This is not in the least bit exhaustive. I merely wish make a key point in comparison and contrast between the ideal world from a Libertarian standpoint and an ideal world from a Theonomist standpoint.
Theonomy is far to deep a subject to treat adequately here. There are many brands. For our purposes, I will boil this down to any political theory which seeks to legislate Christian morality. There are Theonomists who wish to impose the Law of Moses word for word. There are others who see the Law of Moses as outmoded and have a “New Testament” moral code, but still seek to legislate that moral code. I think my analysis below covers both. Most of the Theonomists I know may not label themselves Theonomists, but do fall into that second group. Rather, I would say that, with very very few exceptions, almost every Christian I know falls into that second group of Theonomists.
I have covered Libertarianism rather thoroughly in my previous post. There can be many reasons to hold the principals of Libertarianism. In this article, I’m specifically referring to Christian Libertarians, which is a term that perhaps requires definition on its own. A Christian Libertarian is one who holds Libertarianism because he believes that it is the political philosophy that most adequately fits with Biblical principles. The full defense of my belief in such assertion is still in the works. But to sum up as briefly as possible, it boils down to the concept of God ownership. God alone has a greater ownership claim on my life, liberty, and property than I do. I can rebelliously reject his ownership claim and keep it for myself, but that is between him and me. Regardless of whether I submit to his ownership, no other person has an ownership claim on my life, liberty, or property. Similarly, I have no ownership claim on another’s life, liberty, or property. My neighbor is free to choose for himself whether he will submit to God’s ownership. Since I am to love my neighbor as myself, and I would prefer that my neighbor allow me to make my own choice as to whether to follow the Lord (not that he wouldn’t be free to try to persuade me, but that he cannot force me to choose one way or another), I leave him free to make that choice as well.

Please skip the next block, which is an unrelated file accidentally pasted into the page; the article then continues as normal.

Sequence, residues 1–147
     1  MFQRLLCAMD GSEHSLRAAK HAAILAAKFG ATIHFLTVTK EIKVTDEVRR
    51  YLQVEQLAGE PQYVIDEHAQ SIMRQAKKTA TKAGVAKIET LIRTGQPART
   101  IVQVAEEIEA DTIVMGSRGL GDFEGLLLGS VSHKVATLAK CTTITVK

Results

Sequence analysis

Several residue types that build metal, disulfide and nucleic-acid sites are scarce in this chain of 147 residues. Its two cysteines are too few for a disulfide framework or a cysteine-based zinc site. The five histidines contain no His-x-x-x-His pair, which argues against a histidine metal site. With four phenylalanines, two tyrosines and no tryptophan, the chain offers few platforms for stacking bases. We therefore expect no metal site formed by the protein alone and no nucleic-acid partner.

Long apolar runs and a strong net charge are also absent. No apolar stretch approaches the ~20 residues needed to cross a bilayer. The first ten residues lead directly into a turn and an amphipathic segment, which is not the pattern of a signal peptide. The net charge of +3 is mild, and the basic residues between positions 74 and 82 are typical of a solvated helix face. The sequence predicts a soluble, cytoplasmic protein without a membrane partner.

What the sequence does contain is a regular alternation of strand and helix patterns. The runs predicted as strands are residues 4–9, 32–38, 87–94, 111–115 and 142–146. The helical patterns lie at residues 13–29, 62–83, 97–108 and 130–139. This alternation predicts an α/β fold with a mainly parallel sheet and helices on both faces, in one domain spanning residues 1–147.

Most Christians think that a Libertarian society would be a morally reprobate world. I hope to show below how it would actually be better than a Theonomist world.
In a Libertarian society you will have two kinds of people: Those who genuinely love the Lord and voluntarily choose to honor him with their life, liberty, and property, and those who do not. So you will have a certain percentage of the population who fear, love, and honor the Lord.
In a Theonomist society, you will have three kinds of people. There will still be those who genuinely love the Lord and voluntarily choose to honor him with their life, liberty, and property. There will still also be those who do not love the Lord and do not voluntarily choose to honor him with their life, liberty, and property. These will behave in one of two ways. Group two will rebel outright and throw themselves headlong into crime. Group three, by far the largest group, will obey, for the most part, but only out of compulsion and fear of reprisal. These will seek every opportunity for subtle rebellions they think they can get away with, particularly over victimless moral points they do not agree with (drugs, homosexuality, gambling, drinking, prostitution, etc).